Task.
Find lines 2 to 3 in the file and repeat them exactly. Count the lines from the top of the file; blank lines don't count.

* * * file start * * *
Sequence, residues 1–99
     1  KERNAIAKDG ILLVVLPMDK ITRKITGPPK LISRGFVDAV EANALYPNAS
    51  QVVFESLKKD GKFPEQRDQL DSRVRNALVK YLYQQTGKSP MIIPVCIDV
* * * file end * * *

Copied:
     1  KERNAIAKDG ILLVVLPMDK ITRKITGPPK LISRGFVDAV EANALYPNAS
    51  QVVFESLKKD GKFPEQRDQL DSRVRNALVK YLYQQTGKSP MIIPVCIDV